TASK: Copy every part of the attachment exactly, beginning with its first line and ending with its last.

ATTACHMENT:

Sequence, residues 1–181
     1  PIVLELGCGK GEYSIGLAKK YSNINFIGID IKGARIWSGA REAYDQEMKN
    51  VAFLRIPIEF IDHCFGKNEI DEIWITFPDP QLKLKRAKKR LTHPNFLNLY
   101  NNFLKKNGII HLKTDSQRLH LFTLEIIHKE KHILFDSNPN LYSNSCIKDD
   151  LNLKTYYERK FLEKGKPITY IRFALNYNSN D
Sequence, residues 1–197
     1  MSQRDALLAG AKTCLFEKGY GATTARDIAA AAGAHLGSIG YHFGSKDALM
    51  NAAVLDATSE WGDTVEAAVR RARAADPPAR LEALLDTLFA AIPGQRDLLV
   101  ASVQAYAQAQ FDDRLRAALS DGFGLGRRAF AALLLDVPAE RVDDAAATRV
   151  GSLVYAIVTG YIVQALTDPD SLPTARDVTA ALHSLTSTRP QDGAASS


Sequence, residues 1–181
     1  PIVLELGCGK GEYSIGLAKK YSNINFIGID IKGARIWSGA REAYDQEMKN
    51  VAFLRIPIEF IDHCFGKNEI DEIWITFPDP QLKLKRAKKR LTHPNFLNLY
   101  NNFLKKNGII HLKTDSQRLH LFTLEIIHKE KHILFDSNPN LYSNSCIKDD
   151  LNLKTYYERK FLEKGKPITY IRFALNYNSN D
Sequence, residues 1–197
     1  MSQRDALLAG AKTCLFEKGY GATTARDIAA AAGAHLGSIG YHFGSKDALM
    51  NAAVLDATSE WGDTVEAAVR RARAADPPAR LEALLDTLFA AIPGQRDLLV
   101  ASVQAYAQAQ FDDRLRAALS DGFGLGRRAF AALLLDVPAE RVDDAAATRV
   151  GSLVYAIVTG YIVQALTDPD SLPTARDVTA ALHSLTSTRP QDGAASS